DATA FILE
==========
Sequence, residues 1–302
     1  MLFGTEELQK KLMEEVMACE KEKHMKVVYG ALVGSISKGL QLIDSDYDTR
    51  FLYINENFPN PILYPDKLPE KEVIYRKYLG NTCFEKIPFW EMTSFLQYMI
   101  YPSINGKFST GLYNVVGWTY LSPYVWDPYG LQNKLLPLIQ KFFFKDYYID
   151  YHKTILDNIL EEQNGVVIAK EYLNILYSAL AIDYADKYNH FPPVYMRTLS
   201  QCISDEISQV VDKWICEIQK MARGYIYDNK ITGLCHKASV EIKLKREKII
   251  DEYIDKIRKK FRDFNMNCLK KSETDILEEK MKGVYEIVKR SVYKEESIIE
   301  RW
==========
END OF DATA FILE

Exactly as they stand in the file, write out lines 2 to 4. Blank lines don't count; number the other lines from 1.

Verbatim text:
     1  MLFGTEELQK KLMEEVMACE KEKHMKVVYG ALVGSISKGL QLIDSDYDTR
    51  FLYINENFPN PILYPDKLPE KEVIYRKYLG NTCFEKIPFW EMTSFLQYMI
   101  YPSINGKFST GLYNVVGWTY LSPYVWDPYG LQNKLLPLIQ KFFFKDYYID